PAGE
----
As we have been anticipating for days, Chris Christie, formerly a Republican favorite, currently a wannabe comeback kid, has finally stood behind a lectern at his alma mater, Livingston High School, and announced his run for the presidency. Like most high-school functions, the announcement was awkward, riddled with mildly embarrassing technical difficulties, and set to the tune of Jon Bon Jovi.
In keeping with his courtship of Big Pharma, Christie used the rhetoric of the armchair psychologist, claiming that America was not angry at congressional inaction and executive overreach, but rather, like a wallflower at prom, “anxious.” He assured the crowd that he was the one who could “sweep the country’s anxiety away,” by working with Democrats in order to fix the broken system.
From the great bag of Republican talking points, Christie chose defense and Obama-bashing to shore up conservative support. He called the United States the only good force in the world, and, echoing Machiavelli, said that as a nation we must stop wanting to be loved by other countries and start wanting to be respected, despite the fact that he closed this morning’s speech with the cuddly phrase, “I love you all.” In a departure from GOP 101, the New Jersey governor's voice rose toward the end of the speech as he seemed to proclaim a desire for expanded executive power, saying, “We need to have strength, decision-making, and authority back in the Oval Office.”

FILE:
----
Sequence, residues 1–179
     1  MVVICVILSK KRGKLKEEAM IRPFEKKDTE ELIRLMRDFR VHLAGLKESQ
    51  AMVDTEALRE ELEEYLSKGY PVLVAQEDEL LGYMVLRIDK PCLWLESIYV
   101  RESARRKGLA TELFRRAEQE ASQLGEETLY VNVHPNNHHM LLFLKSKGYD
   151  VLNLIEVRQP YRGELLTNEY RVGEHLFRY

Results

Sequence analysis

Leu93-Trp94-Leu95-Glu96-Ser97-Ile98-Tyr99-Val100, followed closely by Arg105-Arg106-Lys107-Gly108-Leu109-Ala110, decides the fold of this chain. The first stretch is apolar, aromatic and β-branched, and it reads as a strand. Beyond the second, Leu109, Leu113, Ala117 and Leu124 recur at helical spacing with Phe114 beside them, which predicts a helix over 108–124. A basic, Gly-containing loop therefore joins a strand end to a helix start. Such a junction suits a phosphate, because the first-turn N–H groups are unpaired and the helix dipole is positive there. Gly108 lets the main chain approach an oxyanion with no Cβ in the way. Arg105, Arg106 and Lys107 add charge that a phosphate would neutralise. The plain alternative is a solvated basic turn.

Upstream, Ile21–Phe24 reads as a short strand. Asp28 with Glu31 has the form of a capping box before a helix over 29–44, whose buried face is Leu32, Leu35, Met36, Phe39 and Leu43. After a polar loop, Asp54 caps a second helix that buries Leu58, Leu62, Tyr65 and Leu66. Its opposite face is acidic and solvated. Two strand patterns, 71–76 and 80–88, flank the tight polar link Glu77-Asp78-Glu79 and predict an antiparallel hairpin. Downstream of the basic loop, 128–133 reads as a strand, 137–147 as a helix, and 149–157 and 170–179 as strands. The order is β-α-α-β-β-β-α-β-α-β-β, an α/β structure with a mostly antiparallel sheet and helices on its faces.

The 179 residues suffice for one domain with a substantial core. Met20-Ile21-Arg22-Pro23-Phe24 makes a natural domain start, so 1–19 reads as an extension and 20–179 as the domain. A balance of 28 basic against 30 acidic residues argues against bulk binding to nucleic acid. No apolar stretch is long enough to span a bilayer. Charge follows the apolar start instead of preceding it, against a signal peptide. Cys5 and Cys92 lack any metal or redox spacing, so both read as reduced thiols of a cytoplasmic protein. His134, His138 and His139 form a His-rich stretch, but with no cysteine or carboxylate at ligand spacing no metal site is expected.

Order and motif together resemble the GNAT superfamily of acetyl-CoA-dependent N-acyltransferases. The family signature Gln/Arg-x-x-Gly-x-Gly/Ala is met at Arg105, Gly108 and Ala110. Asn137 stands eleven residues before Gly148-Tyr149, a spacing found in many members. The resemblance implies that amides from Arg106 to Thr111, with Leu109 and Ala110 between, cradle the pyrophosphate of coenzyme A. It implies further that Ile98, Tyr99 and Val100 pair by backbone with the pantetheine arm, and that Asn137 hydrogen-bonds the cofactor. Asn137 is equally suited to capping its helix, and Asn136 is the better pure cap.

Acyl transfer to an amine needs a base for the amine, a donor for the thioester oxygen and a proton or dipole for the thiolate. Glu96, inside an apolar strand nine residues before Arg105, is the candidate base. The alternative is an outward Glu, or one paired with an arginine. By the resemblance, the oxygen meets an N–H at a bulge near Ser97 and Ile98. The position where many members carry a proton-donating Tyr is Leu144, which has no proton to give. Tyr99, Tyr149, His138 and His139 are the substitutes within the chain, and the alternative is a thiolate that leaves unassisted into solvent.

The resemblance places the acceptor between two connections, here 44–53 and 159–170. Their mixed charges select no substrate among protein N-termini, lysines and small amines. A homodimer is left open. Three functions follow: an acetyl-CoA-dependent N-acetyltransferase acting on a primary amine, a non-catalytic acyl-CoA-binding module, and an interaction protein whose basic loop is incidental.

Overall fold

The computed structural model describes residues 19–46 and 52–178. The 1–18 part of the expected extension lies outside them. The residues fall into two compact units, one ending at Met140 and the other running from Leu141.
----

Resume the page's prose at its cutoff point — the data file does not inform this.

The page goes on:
The major narrative that Christie was trying to pitch was that of the hometown hero who started from nothing and became a two-term governor of New Jersey and a presidential candidate for the United States. He cited his gubernatorial achievements as evidence of his readiness for the presidency. This claim made the presence, just outside the school, of a thousand people loudly protesting Christie's broken promises to fund pensions for state workers all the more awkward.
As the New York Times reported, back in 2010 Christie asked state employees to devote more of their paychecks to their benefits in exchange for a larger payout to pensions. Christie followed through on this promise for two years before claiming the state couldn’t afford to do it anymore. Christie cut the payouts by almost 60 percent, but the state employees still had to keep paying the increased amount for benefits.
State employees argued that they were entitled to the payouts under the law Christie signed himself. A lower court agreed with them, but then earlier this month the New Jersey Supreme Court reversed that decision, saying that it wasn’t the court’s place to intervene in budgetary issues.
Besides lower pensions and a loss of trust in Christie, the result of this pension mess was a downgrade of New Jersey’s credit rating, which has happened nine times since Christie took office. (This, presumably, was not among the achievements enumerated in his announcement speech.)
Add this pension controversy to Bridgegate, and his lack of transparency as governor, and you could almost describe Christie's campaign slogan “Tell it like it is” as disingenuous. If he’s accomplished anything positive in his home state, its citizens don’t seem to know about it. Right now Christie's approval rating is hovering in the low 30s, down from the mid-70s he was enjoying two years ago.